Guggenheim China Small Cap ETF (HAO - ETF report)
If you are looking for a small cap way to play the Chinese market, HAO is one of the few choices available. The fund consists of about 200 securities and is based on the AlphaShares China Small Cap Index, which is a benchmark designed to measure the performance of the publicly-traded mainland China-based small capitalization companies. In order to qualify for the index, firms must have a maximum $1.5 billion market cap, giving the product a weighted average float-adjusted market cap of about $688 million. This focus results in a portfolio that is heavy in industrials (20.2%), materials (17.8%), and consumer discretionary firms (16.3%) while giving minimal weightings to energy, telecom and utilities. With this may be appealing to investors, in times of broad declines in the Chinese market the fund tends to underperform its more large cap focused counterparts as it did in 2011 by a wide margin. However, this has given the product a P/E of just 6.7 and a P/B ratio below 1, suggesting deep value may be had for long term investors.
Global X China Consumer ETF (CHIQ - ETF report)
Since FXI’s exposure to consumers is limited to say the least, this fund from Global X could serve as a great compliment to the iShares fund. The fund tracks the Solactive China Consumer Index which is a benchmark of the consumer sector in China. The index is comprised of selected companies which have their main business operations in the consumer sector and are domiciled in China, or firms that may do a majority of their operations in China but are domiciled in a country besides China. This results in a portfolio of about 40 securities tilted towards the large cap space but with a decent allocation to mid cap securities as well. Top industry holdings include retail (25.3%), food (19.9%), and automobiles (19%) while giving top weights to Hengan International, Want Want China Holdings , and Tingyi Holding Corp. CHIQ charges investors an expense ratio of 65 basis points a year for its services and trades on decent volume of about 130,000 shares a day (see Top Three Precious Metal Mining ETFs).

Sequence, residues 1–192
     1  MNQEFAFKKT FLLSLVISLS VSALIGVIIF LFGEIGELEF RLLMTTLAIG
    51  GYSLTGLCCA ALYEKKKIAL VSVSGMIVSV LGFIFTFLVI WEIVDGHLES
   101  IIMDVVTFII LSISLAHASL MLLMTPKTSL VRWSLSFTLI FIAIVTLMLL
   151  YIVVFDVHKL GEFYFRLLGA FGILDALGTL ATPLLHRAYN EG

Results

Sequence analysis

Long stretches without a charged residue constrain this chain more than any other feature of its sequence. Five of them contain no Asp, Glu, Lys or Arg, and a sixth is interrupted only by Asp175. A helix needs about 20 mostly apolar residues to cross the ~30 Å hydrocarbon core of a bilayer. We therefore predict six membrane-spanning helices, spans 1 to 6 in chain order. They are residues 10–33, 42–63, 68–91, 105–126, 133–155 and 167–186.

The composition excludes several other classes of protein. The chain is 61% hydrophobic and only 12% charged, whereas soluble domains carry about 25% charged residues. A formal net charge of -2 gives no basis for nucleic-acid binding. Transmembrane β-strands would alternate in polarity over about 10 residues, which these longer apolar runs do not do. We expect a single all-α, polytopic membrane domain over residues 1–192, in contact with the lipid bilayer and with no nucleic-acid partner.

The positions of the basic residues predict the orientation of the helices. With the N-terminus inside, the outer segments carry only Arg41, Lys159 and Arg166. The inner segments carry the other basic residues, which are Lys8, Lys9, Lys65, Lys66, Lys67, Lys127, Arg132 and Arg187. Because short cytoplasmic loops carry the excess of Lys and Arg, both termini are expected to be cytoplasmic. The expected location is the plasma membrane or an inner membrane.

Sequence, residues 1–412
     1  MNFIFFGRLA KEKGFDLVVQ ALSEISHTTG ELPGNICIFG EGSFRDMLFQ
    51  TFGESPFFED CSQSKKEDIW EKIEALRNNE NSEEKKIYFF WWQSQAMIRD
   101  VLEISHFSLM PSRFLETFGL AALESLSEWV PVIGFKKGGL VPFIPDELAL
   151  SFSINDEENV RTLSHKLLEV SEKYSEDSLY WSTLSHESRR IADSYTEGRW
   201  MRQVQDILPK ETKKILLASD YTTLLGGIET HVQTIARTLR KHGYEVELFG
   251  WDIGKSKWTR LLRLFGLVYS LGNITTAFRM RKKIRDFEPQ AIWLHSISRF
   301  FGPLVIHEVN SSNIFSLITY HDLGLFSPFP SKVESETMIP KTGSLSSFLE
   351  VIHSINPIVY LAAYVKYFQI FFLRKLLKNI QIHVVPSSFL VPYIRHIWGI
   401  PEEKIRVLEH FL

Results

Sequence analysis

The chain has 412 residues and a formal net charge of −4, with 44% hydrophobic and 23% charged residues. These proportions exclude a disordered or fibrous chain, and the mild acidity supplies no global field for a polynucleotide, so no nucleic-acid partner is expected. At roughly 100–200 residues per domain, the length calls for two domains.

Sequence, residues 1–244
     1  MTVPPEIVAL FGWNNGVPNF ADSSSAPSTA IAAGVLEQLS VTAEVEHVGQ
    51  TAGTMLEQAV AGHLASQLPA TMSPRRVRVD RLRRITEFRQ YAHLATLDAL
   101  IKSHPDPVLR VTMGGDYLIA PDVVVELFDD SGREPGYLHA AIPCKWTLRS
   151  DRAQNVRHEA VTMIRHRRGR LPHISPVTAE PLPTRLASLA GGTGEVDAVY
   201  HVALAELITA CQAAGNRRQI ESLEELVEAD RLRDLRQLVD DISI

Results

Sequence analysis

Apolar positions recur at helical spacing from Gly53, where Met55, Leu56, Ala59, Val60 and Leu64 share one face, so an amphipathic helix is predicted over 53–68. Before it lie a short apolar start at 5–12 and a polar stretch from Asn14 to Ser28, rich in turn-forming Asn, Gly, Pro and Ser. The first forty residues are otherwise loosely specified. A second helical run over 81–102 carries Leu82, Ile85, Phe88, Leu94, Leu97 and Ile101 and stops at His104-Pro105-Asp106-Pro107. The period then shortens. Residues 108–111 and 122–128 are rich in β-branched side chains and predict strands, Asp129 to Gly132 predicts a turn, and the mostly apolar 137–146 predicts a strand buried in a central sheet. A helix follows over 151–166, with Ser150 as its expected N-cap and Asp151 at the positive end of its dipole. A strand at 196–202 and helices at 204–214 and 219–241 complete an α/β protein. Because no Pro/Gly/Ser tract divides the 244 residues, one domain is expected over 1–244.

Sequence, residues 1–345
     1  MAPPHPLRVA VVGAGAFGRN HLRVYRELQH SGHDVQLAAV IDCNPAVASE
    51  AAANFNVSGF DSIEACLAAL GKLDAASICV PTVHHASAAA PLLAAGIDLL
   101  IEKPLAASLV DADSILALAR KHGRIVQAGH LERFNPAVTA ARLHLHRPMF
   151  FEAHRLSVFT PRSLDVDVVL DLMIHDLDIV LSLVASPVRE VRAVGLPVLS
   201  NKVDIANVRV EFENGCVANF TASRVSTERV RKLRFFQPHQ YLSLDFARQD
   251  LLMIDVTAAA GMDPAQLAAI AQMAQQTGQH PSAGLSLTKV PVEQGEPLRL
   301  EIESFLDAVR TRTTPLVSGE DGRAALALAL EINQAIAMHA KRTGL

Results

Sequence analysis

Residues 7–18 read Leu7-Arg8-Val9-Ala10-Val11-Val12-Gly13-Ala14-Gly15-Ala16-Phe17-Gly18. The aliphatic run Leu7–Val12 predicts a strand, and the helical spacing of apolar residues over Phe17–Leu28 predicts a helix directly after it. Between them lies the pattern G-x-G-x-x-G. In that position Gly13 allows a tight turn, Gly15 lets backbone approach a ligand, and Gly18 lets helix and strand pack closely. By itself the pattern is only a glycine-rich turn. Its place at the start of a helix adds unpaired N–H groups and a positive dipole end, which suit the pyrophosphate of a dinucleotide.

Market Vectors China A-Shares ETF
For those seeking a new way to diversify in the space, PEK is an excellent way to accomplish the task at hand. This is because unlike other ETFs in the space which track broad indexes of ADRs or stocks that are available to Western investors, this fund tracks the China A-Shares market instead. This market, as represented by the CSI 300 Index, consists of 300 A-Share stocks listed on the Shenzen or Shanghai Stock Exchange. However, it is important to note that these securities are only available to a select group of people outside of China. In fact, one has to be a Qualified Foreign Institutional Investor (QFII) to be eligible for purchasing these securities. As a result, PEK does not invest directly in A-Shares, but instead invests in swaps and other types of derivative instruments that have economic characteristics substantially identical to those of China A-Share stocks. Thanks to this structure, the fund can often trade at a significant premium to its underlying securities and can often deviate from the broad market performance based on the supply/demand of shares available through the QFII program.
Nonetheless, securities that are on this benchmark are often different from their Hong Kong listed counterparts and can often have unique experiences from these securities. Additionally, the A-Shares market is denominated in renminbi as opposed to the H-Shares market (Hong Kong dollars) or the B-Shares market (various foreign currencies) making a bet on PEK a closer move on the Chinese currency as well. Investors should also note that the index’s underlying holdings are generally similar to FXI, at least in terms of sector exposure. Financials take up the top spot while industrials and materials round out the top three. However, in a departure from FXI, consumers and energy firms take up another 20% combined while a smattering of other sectors round out the rest. Overall, PEK does offer a more diversified profile than its FXI cousin although investors should remember that this Van Eck fund is far less liquid, trading a paltry 7,000 shares a day.